College is supposed to be a time of fun and learning, of making new friends and finding out who you want to be. Unfortunately, it might not be working that way for young women. Boston College set out to track the personal development of students by polling them on a variety of issues in their freshmen year and then checking back in on them when they’re graduating. The study revealed something depressing and frankly shocking: While the young men gained self-confidence over their four years in college, the young women actually had lower self-esteem when they graduated college than when they started it. This, even though they had higher grades on average than the mean. What’s going on?
Unsurprisingly, “hook-up culture” was floated as the immediate villain in an article in the student newspaper The Heights. The chair of Boston College’s marketing department suggested that a supposed lack of long-term relationship possibilities and the pervasiveness of promiscuity was to blame. “I used to see people holding hands on campus,” she told student journalist Mary Rose Fissinger. “My students used to get married—to each other. And that’s totally disappeared.”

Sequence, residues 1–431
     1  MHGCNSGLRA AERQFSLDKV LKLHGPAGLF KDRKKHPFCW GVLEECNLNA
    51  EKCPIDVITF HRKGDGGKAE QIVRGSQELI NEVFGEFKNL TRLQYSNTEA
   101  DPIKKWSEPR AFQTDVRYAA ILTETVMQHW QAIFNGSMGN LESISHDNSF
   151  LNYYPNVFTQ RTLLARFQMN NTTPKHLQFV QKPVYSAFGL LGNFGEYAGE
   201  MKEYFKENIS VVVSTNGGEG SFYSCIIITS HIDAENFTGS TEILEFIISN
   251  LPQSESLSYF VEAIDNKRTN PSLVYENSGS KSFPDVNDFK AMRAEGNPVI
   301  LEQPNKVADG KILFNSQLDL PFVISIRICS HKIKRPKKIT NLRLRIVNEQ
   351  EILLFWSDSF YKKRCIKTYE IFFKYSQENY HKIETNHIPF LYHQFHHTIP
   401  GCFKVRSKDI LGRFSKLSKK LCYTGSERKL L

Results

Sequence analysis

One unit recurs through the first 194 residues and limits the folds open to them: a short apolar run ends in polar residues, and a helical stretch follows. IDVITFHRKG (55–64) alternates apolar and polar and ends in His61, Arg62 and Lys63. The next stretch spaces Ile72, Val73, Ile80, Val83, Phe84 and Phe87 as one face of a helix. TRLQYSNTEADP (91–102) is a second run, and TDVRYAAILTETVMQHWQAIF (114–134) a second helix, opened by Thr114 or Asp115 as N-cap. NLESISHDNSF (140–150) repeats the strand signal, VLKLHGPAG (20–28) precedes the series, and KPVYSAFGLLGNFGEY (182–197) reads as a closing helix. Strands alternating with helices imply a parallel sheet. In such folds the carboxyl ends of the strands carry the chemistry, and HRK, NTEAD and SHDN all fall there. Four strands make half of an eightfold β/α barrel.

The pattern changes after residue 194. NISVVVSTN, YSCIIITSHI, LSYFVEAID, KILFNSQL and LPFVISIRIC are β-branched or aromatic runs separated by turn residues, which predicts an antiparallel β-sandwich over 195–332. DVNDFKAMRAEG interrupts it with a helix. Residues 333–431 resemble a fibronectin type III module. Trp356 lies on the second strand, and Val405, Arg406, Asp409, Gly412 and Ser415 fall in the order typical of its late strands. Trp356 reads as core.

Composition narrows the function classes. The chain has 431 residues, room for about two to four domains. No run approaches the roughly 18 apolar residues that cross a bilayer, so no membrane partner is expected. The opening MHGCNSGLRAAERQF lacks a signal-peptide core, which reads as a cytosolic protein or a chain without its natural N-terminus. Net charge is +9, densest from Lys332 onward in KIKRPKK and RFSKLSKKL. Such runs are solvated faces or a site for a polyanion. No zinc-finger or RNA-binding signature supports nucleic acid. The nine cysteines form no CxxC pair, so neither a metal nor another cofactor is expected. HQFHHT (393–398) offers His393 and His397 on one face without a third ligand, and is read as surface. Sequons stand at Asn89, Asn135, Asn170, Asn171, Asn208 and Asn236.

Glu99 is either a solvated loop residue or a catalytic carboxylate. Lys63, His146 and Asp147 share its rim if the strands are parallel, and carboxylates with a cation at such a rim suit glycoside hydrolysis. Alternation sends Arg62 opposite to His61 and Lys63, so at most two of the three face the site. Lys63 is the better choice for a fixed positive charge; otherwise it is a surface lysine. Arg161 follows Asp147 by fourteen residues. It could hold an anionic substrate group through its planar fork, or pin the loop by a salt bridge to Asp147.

It’s an appealing image that plugs directly into long-standing stereotypes about how women “need” male devotion more than men need women, but sadly, the real world evidence remains unsound to assert that casual sex is destroying our young women today. It would be nice if it could all just be reduced to our mental image of the sad young co-ed, left alone by a callous man, wondering if she’s ever going to find real love, but there’s not reason to think that’s as endemic a problem as the media portrays. As Lisa Wade wrote for the Los Angeles Times, college students do not actually “hook up” as often as the hysterical media accounts would have you believe. In addition, the fear that they never form long-term relationships is completely overblown—about three-quarters of college students have a monogamous, long-term relationship at some point in college.